Tubeless uniportal carinal right upper lobectomy

Tubeless uniportal carinal right upper lobectomy

Douglas J. Mathisen

Department of Thoracic Surgery, Massachusetts General Hospital, Boston, MA, USA

Correspondence to: Douglas J. Mathisen, MD. Chief, Department of Thoracic Surgery, Massachusetts General Hospital, 55 Fruit Street, FND 7, Boston, MA 02114, USA. Email:

Submitted Nov 23, 2017. Accepted for publication Nov 29, 2017.

doi: 10.21037/jtd.2017.12.01

On a recent visit to China, I was hosted by Dr. Jianxing He at First Affiliated Hospital of Guangzhou. I had recently met Dr. He at a meeting in Boston and was looking forward to reacquainting with him. We have had the good fortune of hosting one of his staff, Dr. Shuben Li. I was therefore acquainted with their work. Their unit is very busy performing 2,500 cases per year. More important is the quality of their work and the innovations they have introduced. The day of my visit to the hospital, I was warmly welcomed and giving an informative tour of their facilities. There were three cases set up specifically for that day to demonstrate a novel approach to Thoracic Surgery: tubeless thoracic surgery. I got to see firsthand a bullectomy, wedge resection and a right upper lobe carinal resection done as a uniportal video assisted procedure done with 3-D visualization. I was impressed with the efficient teamwork between anesthesia, operating room (OR) staff and surgeons. Each step was carefully choreographed. The operation was expertly done with success. While the surgery in itself was impressive, the tubeless anesthesia was remarkable. The patient was sedated and spontaneously ventilating resulting in a quiet operative field. Epidural anesthesia intercostal nerve blocks, vagus nerve block and topical lidocaine to the surface of the lung added to the anesthesia. Supplemental oxygen via laryngeal mask and high frequency catheter into the open thoracotomy was provided to maintain a steady PO2 of 80–90 throughout the operation. A constant PCO2 of 55–60 with a pH of 7.26–7.30 was also maintained throughout. All of this was confirmed by arterial blood gases every 15 minutes. There were no emergencies throughout the procedure.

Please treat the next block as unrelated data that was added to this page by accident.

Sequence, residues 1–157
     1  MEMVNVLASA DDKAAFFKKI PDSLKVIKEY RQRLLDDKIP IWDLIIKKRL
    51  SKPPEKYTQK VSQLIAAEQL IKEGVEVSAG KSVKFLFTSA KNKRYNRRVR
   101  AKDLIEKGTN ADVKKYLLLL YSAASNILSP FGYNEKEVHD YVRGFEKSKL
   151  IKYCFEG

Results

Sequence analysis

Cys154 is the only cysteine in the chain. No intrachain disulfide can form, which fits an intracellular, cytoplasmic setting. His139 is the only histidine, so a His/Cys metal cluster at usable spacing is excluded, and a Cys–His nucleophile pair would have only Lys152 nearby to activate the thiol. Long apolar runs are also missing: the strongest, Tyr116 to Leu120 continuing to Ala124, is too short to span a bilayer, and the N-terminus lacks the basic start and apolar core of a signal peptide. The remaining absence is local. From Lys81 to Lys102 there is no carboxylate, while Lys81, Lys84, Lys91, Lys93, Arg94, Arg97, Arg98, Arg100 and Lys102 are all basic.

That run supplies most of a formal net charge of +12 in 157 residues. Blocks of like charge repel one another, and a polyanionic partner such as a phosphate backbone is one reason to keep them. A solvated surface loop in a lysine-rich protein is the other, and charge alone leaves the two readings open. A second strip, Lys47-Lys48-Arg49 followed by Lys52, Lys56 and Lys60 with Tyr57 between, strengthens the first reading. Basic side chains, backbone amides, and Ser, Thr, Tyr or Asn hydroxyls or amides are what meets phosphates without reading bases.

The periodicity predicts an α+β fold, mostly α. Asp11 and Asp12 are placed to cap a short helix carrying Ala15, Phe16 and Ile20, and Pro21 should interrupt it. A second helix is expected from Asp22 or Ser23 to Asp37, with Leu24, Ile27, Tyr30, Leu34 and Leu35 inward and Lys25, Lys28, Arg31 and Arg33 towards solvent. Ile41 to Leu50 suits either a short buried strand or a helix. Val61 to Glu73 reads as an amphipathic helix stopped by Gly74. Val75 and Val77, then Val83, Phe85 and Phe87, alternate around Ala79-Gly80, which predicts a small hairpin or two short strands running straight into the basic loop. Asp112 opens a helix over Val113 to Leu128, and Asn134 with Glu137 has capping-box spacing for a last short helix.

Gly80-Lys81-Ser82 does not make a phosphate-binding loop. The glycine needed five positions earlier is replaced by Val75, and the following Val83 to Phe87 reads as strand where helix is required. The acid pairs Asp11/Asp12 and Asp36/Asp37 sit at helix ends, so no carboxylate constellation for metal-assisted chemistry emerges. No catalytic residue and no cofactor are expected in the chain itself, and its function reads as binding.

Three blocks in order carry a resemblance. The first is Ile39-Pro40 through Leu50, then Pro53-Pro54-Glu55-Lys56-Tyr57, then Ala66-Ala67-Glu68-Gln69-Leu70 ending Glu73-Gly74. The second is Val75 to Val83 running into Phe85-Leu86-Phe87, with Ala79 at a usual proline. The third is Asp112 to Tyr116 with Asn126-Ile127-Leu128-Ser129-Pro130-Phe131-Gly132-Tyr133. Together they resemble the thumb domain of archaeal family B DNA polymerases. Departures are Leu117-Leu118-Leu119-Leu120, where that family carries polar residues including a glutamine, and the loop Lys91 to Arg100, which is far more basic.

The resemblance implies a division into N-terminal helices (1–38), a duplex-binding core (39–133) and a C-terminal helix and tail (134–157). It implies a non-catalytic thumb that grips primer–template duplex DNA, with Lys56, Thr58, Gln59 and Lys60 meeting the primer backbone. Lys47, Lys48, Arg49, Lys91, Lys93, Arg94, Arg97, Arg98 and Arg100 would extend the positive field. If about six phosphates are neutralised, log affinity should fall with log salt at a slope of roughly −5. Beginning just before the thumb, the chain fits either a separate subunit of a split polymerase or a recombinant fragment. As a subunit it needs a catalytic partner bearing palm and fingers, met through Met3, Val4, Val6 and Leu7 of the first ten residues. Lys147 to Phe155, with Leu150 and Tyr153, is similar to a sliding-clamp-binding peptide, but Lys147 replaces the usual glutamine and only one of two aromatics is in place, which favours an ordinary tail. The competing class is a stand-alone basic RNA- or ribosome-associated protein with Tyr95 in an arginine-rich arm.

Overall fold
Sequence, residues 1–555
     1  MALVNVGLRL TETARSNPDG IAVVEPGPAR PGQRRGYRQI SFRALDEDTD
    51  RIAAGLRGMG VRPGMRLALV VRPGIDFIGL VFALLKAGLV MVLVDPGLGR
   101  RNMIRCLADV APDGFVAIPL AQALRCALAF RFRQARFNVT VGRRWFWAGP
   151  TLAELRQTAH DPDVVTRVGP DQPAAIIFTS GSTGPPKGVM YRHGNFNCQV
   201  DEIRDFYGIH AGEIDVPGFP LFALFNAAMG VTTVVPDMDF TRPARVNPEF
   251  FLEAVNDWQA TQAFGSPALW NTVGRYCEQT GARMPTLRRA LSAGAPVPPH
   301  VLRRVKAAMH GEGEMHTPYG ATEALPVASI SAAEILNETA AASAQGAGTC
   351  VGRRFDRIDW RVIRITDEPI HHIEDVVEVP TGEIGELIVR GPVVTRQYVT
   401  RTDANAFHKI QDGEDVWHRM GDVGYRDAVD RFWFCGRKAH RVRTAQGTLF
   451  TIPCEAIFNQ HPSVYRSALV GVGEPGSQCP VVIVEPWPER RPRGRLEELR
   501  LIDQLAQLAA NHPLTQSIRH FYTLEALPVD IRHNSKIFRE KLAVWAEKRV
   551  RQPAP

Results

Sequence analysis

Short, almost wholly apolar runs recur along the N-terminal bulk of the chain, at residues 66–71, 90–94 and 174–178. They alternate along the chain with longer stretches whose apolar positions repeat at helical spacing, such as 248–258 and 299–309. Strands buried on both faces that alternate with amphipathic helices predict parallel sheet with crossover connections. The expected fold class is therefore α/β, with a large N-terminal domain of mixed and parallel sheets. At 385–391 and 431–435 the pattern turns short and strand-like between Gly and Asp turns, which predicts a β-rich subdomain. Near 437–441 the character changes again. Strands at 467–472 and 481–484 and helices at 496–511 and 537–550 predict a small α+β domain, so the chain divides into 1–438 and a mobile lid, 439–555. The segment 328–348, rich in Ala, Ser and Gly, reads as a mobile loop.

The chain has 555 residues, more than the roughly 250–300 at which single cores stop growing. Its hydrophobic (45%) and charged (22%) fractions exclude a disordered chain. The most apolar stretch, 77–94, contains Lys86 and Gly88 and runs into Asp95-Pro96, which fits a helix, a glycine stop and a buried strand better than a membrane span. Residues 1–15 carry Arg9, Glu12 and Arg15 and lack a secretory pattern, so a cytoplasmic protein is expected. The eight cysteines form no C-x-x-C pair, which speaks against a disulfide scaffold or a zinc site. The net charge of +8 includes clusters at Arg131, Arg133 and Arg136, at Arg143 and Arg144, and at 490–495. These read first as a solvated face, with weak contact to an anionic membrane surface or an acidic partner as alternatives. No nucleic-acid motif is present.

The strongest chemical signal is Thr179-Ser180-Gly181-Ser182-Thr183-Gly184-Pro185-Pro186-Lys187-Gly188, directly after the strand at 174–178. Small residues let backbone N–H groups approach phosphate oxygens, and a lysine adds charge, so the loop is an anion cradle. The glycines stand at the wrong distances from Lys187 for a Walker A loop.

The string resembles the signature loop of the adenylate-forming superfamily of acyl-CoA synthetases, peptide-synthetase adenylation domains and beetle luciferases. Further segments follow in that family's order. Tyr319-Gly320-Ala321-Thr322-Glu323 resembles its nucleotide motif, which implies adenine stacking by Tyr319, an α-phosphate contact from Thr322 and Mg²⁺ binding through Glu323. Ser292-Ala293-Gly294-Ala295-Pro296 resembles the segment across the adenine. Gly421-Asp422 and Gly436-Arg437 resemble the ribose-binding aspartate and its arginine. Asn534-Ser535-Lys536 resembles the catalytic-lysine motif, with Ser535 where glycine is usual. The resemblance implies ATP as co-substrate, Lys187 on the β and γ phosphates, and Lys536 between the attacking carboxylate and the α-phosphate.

I commend the team in Guangzhou for developing this technique in a responsible way. It was first done with simple pleural and lung procedures. Once safety was demonstrated, they progressed to pulmonary resections, sleeve resection and now tracheal and carinal resections. They emphasize teamwork and careful patient selection. Patients must be fit, with few comorbid conditions, and generally not be obese. The stated advantages are avoidance of muscle paralysis, rapid recovery of patients, shorter ICU and hospital stays. There is also the sense that barotrauma and disruption of ciliary function are avoided. It remains for the Guangzhou team to provide indications, intraoperative data and postoperative outcomes to establish its routine role in thoracic surgery. Once these are established, the final step is to see if others can duplicate these results. Careful peer reviewed analysis will establish its role for the future. This is a bold step forward and further information and data will help identify its role in thoracic surgery.




Conflicts of Interest: The author has no conflicts of interest to declare.

Cite this article as: Mathisen DJ. Tubeless uniportal carinal right upper lobectomy. J Thorac Dis 2017;9(12):4941. doi: 10.21037/jtd.2017.12.01